The next place where engagement can occur is in explaining the objectives of any future training initiative. If employees are provided with clear behavioral objectives that identify expectations and are within the control of the employee (start doing this, stop doing that, continue doing the other), they will have a clarity around what it is they are being asked to change (or not change). If objectives are not clearly delineated, then the employees will perpetually feel as if they are caught in a random game of “gotcha’” where management is not clear on what is expected, and employees are not certain about “what counts” to meet management’s expectations.
By providing a link between the organization’s goals, strategies, and desired outcomes and the training’s impact on achieving them, employees will become more engaged through seeing how their efforts directly connect to the organization’s success. However, it is all too common for organizations to focus on the result – but not provide employees with the understanding of how to achieve that result (in essence, it is perceived as the equivalent to telling employees to change their eye color!).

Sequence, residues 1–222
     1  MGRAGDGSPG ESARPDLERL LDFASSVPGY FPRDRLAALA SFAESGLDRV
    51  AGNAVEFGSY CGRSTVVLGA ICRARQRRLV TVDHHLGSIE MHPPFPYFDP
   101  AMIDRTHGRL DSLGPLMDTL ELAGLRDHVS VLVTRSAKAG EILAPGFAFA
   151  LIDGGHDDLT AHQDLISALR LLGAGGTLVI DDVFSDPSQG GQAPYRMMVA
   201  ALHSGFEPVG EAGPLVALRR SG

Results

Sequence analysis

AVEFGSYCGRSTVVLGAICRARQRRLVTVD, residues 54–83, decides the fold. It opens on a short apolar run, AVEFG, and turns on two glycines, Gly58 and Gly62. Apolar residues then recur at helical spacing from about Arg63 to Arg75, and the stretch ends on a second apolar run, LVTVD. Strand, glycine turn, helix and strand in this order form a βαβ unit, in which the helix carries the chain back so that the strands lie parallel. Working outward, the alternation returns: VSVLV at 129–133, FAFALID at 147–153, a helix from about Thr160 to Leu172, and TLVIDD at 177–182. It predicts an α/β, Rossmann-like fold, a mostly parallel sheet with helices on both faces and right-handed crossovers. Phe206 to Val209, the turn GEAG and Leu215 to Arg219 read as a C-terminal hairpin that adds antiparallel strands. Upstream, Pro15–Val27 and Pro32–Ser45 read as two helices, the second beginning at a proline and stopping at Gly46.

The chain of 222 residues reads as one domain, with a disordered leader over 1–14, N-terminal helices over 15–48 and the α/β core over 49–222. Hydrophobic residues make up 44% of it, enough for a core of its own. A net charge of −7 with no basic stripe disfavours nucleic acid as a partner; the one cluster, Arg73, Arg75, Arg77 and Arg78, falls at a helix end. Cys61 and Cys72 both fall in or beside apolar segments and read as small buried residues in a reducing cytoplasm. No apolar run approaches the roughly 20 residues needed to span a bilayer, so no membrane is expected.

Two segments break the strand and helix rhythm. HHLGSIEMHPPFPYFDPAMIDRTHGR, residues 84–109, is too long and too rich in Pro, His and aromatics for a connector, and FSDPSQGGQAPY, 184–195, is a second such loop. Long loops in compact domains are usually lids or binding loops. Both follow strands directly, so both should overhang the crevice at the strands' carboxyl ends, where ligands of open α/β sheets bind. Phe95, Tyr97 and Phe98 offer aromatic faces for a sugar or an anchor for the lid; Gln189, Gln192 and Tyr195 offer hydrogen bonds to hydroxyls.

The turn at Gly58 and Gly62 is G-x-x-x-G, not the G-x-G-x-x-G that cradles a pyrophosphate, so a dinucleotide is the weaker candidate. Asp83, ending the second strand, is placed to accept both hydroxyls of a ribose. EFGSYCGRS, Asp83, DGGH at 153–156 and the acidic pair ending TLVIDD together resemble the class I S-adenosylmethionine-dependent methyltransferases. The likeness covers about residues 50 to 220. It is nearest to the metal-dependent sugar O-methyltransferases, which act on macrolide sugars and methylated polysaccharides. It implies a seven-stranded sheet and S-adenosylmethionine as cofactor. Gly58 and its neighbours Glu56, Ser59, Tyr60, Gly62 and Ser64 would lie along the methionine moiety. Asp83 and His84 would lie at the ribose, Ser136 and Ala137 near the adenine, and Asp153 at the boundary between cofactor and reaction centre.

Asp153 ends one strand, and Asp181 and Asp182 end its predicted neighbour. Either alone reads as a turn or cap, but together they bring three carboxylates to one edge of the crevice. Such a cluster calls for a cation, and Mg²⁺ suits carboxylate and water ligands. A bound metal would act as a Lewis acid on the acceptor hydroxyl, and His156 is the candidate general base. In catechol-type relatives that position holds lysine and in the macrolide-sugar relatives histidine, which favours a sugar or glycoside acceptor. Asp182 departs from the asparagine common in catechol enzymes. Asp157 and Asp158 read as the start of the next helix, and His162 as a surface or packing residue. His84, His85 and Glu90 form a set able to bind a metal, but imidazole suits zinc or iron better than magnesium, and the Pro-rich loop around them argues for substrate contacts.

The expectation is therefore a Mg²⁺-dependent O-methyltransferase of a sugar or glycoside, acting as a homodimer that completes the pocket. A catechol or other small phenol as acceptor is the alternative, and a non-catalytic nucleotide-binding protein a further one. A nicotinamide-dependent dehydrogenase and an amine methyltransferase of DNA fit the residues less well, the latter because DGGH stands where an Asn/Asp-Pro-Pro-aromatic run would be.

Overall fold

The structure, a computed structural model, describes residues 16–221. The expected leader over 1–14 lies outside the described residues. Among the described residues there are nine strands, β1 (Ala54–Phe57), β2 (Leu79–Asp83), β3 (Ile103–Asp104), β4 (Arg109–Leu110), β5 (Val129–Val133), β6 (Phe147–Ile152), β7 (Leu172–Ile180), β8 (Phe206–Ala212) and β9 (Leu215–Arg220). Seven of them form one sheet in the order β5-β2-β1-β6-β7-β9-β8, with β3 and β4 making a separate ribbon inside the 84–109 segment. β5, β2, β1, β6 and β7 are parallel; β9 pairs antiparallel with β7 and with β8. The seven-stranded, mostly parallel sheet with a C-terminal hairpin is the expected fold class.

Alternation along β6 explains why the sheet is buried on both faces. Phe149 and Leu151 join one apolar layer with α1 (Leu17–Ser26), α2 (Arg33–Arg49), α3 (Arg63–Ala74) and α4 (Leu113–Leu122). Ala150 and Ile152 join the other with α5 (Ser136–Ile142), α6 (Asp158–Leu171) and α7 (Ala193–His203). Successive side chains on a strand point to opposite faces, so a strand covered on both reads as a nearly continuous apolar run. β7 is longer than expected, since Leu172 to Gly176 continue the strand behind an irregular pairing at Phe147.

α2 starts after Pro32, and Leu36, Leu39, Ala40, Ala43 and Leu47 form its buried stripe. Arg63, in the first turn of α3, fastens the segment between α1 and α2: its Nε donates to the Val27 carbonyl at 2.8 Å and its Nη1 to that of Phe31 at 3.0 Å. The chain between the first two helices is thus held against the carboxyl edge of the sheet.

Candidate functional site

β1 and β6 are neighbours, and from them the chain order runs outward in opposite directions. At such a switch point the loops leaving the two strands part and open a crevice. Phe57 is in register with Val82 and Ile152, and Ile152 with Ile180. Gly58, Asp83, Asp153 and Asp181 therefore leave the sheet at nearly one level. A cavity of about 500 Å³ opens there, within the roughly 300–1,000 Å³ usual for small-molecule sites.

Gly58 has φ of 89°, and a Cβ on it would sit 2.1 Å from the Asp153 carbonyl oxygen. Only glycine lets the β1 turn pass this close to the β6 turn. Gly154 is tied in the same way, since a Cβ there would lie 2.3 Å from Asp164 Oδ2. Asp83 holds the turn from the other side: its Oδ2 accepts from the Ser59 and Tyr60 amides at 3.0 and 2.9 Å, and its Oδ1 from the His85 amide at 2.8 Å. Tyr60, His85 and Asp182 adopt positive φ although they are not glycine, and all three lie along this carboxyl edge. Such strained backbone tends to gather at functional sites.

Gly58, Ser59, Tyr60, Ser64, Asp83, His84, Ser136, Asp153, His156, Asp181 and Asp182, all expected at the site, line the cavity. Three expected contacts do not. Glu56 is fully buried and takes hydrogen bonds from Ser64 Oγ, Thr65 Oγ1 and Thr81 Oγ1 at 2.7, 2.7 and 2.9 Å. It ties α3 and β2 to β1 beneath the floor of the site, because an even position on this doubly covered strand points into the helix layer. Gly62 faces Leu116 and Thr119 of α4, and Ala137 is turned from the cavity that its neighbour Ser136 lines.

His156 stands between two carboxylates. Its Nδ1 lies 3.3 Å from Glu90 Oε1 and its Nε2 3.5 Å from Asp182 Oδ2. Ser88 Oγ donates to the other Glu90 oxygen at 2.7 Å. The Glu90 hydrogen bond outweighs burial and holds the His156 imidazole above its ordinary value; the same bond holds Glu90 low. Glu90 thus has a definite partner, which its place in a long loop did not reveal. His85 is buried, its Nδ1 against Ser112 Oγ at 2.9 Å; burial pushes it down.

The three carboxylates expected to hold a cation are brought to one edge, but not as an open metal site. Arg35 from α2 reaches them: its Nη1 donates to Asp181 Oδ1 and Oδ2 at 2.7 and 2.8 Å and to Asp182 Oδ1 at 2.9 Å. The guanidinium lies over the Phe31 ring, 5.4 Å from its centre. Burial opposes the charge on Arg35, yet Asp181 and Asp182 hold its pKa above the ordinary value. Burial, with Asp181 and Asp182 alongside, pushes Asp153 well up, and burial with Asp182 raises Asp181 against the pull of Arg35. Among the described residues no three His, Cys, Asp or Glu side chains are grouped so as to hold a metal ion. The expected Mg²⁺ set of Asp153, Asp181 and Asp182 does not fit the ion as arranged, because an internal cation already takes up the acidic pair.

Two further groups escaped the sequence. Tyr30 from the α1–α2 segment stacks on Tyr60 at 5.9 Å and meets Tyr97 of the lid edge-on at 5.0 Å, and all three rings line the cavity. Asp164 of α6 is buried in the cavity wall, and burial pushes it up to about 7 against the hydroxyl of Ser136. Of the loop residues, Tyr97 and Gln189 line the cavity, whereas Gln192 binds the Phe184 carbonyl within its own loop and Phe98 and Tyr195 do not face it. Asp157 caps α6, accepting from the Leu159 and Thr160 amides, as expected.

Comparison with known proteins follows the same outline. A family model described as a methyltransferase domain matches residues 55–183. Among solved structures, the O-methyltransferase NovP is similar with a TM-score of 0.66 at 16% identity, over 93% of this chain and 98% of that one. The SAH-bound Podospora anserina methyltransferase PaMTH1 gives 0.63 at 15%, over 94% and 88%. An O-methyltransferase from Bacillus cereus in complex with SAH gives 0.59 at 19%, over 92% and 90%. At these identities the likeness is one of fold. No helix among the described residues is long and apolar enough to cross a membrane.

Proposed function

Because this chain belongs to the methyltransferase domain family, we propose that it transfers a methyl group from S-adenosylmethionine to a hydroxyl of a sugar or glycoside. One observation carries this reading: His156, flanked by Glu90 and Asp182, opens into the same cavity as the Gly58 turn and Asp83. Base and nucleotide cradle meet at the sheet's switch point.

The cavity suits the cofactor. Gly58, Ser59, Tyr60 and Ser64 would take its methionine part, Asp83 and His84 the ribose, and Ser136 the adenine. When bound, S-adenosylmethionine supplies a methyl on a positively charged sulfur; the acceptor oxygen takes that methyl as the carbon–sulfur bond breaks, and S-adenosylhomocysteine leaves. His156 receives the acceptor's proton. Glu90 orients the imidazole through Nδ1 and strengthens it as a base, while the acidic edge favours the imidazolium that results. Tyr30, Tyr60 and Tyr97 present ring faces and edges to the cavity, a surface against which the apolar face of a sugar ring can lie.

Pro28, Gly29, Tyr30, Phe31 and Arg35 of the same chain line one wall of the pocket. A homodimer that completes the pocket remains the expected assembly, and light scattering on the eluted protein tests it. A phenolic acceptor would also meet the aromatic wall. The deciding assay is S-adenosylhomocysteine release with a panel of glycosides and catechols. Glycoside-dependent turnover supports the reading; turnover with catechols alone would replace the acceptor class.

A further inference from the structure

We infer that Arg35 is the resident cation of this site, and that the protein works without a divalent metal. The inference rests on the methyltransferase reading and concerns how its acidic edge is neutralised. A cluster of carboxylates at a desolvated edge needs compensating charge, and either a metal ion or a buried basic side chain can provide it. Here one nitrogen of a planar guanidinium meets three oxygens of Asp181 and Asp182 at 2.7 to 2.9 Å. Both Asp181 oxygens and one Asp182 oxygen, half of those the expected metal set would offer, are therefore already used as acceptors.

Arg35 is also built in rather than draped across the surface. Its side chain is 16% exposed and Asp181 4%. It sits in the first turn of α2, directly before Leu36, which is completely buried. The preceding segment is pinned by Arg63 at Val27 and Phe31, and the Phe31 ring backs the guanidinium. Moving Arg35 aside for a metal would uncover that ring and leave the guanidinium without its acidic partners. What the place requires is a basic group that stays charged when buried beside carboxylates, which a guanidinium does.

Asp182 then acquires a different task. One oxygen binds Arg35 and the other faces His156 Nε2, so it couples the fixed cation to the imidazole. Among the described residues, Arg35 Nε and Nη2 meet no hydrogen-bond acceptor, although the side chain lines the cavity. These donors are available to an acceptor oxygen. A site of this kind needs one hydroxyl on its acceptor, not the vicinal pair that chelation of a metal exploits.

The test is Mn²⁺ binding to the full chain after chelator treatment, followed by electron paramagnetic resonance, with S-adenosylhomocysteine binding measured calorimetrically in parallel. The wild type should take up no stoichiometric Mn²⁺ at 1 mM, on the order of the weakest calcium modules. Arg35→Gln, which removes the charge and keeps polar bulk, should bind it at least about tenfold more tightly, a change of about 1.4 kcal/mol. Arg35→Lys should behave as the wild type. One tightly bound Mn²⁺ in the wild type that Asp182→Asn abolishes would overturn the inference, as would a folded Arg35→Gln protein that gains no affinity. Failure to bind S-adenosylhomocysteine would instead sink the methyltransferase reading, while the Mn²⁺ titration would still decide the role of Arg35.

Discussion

Additionally, employees may be reticent or fearful when training is mandated. For some employees, they have become proficient at the “old” ways of doing things and fear losing status, expertise, or perceived competence in “how to do the job” if they have to integrate new (and unfamiliar) skills. Therefore, it is recommended that the company acknowledge those concerns and share their plans to aid employees in the transition. Simply stating that, “we will provide training classes, we will post videos of the newly trained process on the intranet, we will assign a peer subject matter expert (SME) to each function for additional questions and remedial help, etc.” can reduce resistance and deepen the level of engagement of the employee.
Measurement and Evaluation